Tracy Eisser and Megan Kalmoe compete in the Women's Pair race at the 2019 World Rowing Championships on August 25, 2019 in Linz-Ottensheim, Austria.
Tracy Eisser and Megan Kalmoe qualified the women’s pair boat for the Olympic Games Tokyo with a fourth-place performance at the 2019 world championships.
They will now get to fill the seats they earned for Team USA.
Eisser and Kalmoe won the women’s pair final at the U.S. Olympic Team Trials in West Windsor, New Jersey, on Saturday morning and became the final two athletes named to the U.S. team.
The roster is now complete at 37 rowers spread across nine boats. Thirty were added on Friday after men’s and women’s camps, while five had previously been named. The majority of the athletes will be competing either in four- or nine-person boats.
Both Kalmoe and Eisser are Olympic veterans. This will be Kalmoe’s fourth consecutive trip to the Games, having made her debut in Beijing in 2008. She won a bronze medal in quadruple sculls in London on 2012. Eisser competed for the first time five years ago in Rio, where both she and Kalmoe raced in the women’s quadruple sculls boat that finished fifth.
Upon doing together in women's pairs, the duo also won a silver medal together at the 2017 world championships.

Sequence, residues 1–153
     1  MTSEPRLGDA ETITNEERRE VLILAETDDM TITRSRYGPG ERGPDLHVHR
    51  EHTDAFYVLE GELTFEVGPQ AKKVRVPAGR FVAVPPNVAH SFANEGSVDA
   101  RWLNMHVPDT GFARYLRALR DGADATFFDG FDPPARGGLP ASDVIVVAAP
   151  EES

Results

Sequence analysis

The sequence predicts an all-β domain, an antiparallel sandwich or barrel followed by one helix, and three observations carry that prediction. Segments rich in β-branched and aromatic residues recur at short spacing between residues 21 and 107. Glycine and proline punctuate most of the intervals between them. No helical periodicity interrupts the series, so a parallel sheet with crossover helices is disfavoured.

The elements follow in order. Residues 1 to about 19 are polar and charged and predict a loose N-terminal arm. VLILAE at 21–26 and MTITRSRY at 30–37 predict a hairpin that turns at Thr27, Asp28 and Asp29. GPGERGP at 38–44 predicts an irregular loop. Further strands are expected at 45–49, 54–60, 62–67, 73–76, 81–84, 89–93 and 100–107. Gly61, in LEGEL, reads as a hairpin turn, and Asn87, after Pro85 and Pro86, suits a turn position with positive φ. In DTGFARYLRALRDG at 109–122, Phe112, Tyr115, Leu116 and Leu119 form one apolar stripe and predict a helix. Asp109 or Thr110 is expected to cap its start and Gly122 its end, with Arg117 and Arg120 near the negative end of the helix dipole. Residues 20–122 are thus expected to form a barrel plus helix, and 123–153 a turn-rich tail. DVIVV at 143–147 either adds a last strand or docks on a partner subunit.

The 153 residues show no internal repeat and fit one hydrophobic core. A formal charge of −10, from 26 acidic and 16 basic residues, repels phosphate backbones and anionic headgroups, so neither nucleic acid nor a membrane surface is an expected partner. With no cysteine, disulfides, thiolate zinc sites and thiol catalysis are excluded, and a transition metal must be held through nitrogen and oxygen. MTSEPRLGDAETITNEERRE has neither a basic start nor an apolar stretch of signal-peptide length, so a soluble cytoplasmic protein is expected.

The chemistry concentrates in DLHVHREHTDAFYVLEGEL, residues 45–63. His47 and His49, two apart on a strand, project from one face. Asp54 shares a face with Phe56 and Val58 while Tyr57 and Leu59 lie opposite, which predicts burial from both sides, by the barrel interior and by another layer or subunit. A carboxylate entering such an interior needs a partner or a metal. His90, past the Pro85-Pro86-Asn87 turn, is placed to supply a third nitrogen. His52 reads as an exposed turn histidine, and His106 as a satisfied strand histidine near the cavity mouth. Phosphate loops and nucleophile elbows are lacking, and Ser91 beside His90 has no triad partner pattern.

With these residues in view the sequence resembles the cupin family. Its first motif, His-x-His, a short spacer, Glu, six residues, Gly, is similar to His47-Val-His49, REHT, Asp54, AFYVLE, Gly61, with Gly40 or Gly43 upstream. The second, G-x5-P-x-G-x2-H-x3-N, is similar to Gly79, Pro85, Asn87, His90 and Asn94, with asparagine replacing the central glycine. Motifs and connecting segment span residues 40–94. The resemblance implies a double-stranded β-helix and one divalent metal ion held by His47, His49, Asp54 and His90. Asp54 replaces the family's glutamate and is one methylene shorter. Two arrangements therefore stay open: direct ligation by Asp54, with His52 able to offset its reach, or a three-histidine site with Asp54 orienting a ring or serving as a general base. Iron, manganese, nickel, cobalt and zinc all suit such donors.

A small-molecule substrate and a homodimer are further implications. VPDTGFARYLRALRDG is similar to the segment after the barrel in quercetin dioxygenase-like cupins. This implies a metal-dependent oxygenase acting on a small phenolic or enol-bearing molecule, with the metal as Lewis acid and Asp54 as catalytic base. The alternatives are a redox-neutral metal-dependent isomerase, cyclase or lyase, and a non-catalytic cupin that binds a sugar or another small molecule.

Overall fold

Eisser and Kalmoe were fastest in Friday’s team trial to earn a spot in Saturday’s final. Their competition included Jenifer Forbes and Erin Boxberger, who finished second; three-time Olympic medalist Caryn Davies and Allyson Baker, who were third, and Molly Bruggeman and Vicki Optiz, who were fourth.
On Saturday, Bruggeman and Optiz pushed their way to a second-place finish with a time of 7 minutes, 12.99 seconds, but it wasn’t fast enough to top Eisser and Kalmoe clocking in at 7:06.27. Forbes and Boxberger were third, and Davies and Baker were fourth.
No U.S. women’s pair has ever won gold at the Olympics. Karen Kraft and Missy Schwen-Ryan won two medals, claiming silver in Atlanta in 1996 and bronze in 2000 in Sydney, the last time the U.S. medaled in the event.
After winning Friday’s time trial, Kalmoe posted to her Instagram that Saturday would be her last-ever U.S. selection regatta. In April, she said, she and Eisser removed themselves from the women’s camp for eight- and four-boat racers in order to focus on the pair.
“After a long winter camp in San Diego, we reconnected in the pair when we returned to Princeton, and made the decision to return to the event that we love and care about most,” she wrote. “We have been happier the past month than we have been in a long, long time. … We have an enormous amount of respect for the level of competition in this event, and all the competitors who have continued to raise the bar over the past five years. We know we are an outside shot for a medal, and are aware of the speed it will take to get in to the hunt. We want to try anyway.”
So far, so good.